by Rena Klingenberg.
A layaway plan can make it easier for customers to buy your jewelry.
But it involves detailed recordkeeping and extra time on your part. Here are some points to consider, and examples of layaway forms:
First of all, what is a layaway plan? It’s a payment system where the customer puts down a deposit on specific merchandise that’s held by the seller until a later date, when the customer finishes paying in full.
Usually the balance is paid in scheduled installments, but sometimes it’s paid off in a single payment.
You can increase your jewelry sales by offering your customers easy-payment options such as a layaway plan. However, consider that layaway also involves additional paperwork, time, and organization on your part.
If you do decide to implement a layaway program for your jewelry business, I recommend offering it only for purchases over a certain dollar amount – decide at what sales level it’s worth handling the extra details involved in the transaction.
For example, it wouldn’t be worth your time to keep records and handle installment payments for the sale of a $12 pair of earrings – but it would definitely be worthwhile for a $400 pair of earrings!
Consider your jewelry line and price points, and determine where to draw the line for your own business.
You can use a layaway program to encourage larger orders and repeat purchases. Customers may be motivated to make a larger purchase of several items if it enables them to take advantage of the opportunity to make installment payments.
And you can gain repeat business by offering them new pieces to put on layaway when they pay off and pick up their previous layaway purchase.
Your Layaway Policy
If you do decide to offer your customers a layaway option, be sure to determine your terms, policies, and payment schedule carefully – and write them out clearly and simply. Consider such issues as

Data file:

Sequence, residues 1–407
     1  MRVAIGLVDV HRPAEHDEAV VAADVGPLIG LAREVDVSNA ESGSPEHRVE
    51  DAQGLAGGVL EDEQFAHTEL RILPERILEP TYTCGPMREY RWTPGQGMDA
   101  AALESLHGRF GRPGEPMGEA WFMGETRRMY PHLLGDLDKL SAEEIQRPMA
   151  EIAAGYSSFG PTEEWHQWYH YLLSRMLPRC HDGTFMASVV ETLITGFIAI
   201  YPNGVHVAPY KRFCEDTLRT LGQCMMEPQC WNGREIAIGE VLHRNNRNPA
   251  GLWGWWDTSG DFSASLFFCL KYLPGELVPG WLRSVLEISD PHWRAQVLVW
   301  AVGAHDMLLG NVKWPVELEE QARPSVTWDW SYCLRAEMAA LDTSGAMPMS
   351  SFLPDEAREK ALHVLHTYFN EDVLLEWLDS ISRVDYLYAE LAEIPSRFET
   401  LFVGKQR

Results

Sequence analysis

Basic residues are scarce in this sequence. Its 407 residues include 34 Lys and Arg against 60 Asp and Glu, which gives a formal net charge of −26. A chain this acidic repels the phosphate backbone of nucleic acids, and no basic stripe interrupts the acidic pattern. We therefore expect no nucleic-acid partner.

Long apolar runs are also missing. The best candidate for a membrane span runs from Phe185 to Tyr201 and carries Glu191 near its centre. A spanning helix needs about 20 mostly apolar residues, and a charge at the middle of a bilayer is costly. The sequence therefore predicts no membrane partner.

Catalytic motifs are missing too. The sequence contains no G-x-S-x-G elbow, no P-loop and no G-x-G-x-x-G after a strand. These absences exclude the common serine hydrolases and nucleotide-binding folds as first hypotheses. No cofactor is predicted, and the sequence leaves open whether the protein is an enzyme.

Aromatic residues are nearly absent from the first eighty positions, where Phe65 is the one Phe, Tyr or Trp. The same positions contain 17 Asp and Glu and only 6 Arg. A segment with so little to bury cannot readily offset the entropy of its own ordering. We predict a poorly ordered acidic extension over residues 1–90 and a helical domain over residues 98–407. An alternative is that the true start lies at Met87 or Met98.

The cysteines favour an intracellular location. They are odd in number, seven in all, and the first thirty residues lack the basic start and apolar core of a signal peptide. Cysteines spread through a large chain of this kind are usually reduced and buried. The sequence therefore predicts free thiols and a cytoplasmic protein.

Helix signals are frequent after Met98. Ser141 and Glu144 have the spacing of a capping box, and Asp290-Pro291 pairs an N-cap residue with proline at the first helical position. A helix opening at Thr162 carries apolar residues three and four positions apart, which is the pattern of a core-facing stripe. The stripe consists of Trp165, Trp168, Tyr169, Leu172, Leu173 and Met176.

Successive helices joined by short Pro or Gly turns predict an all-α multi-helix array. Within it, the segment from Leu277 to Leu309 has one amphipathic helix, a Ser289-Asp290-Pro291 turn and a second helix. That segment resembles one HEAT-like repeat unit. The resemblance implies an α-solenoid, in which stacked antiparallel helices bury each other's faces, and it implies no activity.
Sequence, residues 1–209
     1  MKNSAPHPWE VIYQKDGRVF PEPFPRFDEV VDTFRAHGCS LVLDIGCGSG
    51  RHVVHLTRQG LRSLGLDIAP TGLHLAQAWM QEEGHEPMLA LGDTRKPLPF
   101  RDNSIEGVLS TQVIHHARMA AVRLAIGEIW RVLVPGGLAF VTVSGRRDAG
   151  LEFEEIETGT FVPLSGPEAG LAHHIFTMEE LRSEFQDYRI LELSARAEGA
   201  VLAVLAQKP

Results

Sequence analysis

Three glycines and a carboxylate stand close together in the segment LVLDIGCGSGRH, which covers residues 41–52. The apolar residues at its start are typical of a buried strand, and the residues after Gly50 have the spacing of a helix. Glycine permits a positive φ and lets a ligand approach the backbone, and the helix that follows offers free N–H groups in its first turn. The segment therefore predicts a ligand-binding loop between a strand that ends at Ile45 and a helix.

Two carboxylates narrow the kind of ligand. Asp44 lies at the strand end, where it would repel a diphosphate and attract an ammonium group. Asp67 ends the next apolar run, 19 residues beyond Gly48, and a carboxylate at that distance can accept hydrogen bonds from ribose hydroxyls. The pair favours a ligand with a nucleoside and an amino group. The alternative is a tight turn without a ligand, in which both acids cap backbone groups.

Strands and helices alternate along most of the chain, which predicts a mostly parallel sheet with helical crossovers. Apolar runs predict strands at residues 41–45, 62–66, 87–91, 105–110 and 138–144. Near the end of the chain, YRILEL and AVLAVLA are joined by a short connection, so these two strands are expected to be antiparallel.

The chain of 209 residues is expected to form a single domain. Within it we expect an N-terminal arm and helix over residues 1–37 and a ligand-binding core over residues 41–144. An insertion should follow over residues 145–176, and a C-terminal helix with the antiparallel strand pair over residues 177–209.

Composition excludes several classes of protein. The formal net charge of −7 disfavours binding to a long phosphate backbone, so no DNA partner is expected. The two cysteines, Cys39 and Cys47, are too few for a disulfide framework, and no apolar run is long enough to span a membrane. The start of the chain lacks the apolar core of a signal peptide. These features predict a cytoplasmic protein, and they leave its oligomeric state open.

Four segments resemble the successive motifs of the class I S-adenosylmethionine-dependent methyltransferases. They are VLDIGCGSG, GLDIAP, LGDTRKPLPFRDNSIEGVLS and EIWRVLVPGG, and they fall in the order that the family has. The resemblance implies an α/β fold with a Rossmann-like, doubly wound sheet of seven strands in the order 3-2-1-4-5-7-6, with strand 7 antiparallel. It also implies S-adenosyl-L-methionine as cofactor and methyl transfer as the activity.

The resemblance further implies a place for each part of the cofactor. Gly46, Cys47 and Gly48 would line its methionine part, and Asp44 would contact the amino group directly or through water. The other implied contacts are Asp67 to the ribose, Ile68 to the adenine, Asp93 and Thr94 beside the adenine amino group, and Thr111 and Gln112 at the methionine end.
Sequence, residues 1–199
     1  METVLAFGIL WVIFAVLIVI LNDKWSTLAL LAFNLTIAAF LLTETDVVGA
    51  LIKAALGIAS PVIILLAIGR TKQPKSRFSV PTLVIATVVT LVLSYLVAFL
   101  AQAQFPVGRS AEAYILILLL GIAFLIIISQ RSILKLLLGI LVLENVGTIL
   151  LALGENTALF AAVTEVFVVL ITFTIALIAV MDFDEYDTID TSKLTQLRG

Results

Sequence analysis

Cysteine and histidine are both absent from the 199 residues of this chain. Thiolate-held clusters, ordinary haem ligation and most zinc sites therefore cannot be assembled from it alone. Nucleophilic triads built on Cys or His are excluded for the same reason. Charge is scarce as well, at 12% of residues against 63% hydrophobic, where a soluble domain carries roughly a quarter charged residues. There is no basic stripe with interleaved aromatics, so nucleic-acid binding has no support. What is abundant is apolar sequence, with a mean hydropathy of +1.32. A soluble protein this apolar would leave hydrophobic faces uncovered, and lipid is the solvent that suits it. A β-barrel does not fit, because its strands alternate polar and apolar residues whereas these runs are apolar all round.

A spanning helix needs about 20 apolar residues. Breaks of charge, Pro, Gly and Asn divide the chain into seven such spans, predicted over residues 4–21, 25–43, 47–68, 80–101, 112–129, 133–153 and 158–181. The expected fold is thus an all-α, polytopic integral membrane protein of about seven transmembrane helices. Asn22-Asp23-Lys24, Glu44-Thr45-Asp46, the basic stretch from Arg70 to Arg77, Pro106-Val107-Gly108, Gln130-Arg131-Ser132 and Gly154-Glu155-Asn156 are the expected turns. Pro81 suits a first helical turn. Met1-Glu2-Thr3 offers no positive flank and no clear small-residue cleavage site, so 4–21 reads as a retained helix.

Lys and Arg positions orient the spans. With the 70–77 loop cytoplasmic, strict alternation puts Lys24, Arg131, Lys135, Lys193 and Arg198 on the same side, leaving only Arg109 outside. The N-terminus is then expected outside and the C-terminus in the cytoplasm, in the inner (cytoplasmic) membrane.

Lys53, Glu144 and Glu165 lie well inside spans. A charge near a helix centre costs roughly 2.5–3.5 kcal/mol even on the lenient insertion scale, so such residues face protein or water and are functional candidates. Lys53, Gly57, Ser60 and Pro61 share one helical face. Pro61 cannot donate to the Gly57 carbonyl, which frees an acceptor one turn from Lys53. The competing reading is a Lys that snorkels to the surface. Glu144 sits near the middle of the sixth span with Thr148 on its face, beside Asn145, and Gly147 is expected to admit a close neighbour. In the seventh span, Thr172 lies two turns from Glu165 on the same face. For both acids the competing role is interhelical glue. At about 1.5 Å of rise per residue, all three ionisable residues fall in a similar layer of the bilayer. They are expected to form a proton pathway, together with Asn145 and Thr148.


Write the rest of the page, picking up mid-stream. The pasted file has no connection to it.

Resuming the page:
- Whether you’ll refund any of the payments already made if the customer decides not to finish buying the item.
- How much of an initial deposit you require.
- Whether you’ll add on a service charge for handling the installment payments.
- Which purchases are eligible for layaway.
- How frequently the customer makes payments, and how strict you’ll be about delinquent payments.
- How long of a total layaway period you’re willing to offer.
Also, you’ll need to find a good place to store the layaway jewelry items. They’ll need to be kept separate from the rest of your inventory so you can locate them when they’re paid in full – and you don’t want to accidentally sell them to someone else in the meantime!
Layaway with Less Hassle
Lots of unexpected issues can come up if you offer a layaway plan. Here are some tips for heading off problems before they start:
- Get several types of contact info from the customer – work and home phone numbers, email, and mailing address. Communication is one of the keys to success in this type of transaction.
- Fill out a two-part receipt for the initial deposit and for each payment received thereafter; be sure both parties get a receipt of each transaction.
- Have the customer sign and date a pickup receipt when they pay off and retrieve the layaway item.
- Clearly spell out the amount of the customer’s required payment installments, and when they are due. Contact them immediately when an installment is missed.
- Make sure the customer understands your refund (or no refund) policy.
- Name and describe the layaway jewelry item(s) and price very clearly on the layaway form so there can’t be a dispute later.
- Have an attorney look over your policy and form to be sure they follow regulations set by the Federal Trade Commission and your particular state. Also, ensure that your layaway agreement legally protects your interests no matter what your customer does with his/her end of the bargain.
Alternative Method of
Accepting Installment Payments
Personally, I prefer not to handle all these record-keeping and installment-payment details. I’d rather accept credit cards than set up and manage a layaway plan.
That way my customers can pay their credit card company in installments if they choose, while I receive my payment up front and in one sum. And the jewelry goes from my possession to the customer’s immediately, instead of having to be set aside on hold till I receive full layaway payment at a future date.
This way I don’t have to keep records of customers’ deposits and payments, monitor their payment deadlines and call when a payment is overdue, arrange for a time and place to get their jewelry to them, or find a safe place to store their jewelry till they finish buying it.
And none of my inventory is tied up waiting for them to complete the transaction.
However, depending on your particular jewelry business and customers, offering layaway may be a very good option for you to consider – particularly if it encourages more high-dollar sales. Just be sure to protect your own interests, make your policies clear, and have an attorney look over your layaway plan.